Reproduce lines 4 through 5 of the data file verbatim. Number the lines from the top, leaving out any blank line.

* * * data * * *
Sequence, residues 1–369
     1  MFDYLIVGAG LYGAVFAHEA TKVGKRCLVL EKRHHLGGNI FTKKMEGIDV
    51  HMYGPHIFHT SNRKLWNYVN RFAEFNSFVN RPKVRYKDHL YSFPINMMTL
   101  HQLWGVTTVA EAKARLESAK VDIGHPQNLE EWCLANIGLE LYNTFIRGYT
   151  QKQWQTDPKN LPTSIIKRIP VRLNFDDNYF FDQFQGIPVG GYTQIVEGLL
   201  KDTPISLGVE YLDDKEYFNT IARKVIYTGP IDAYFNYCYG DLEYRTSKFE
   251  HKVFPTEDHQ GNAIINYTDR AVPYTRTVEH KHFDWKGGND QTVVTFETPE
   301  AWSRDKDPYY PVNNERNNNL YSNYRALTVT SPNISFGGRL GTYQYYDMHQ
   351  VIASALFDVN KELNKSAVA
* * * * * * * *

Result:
   101  HQLWGVTTVA EAKARLESAK VDIGHPQNLE EWCLANIGLE LYNTFIRGYT
   151  QKQWQTDPKN LPTSIIKRIP VRLNFDDNYF FDQFQGIPVG GYTQIVEGLL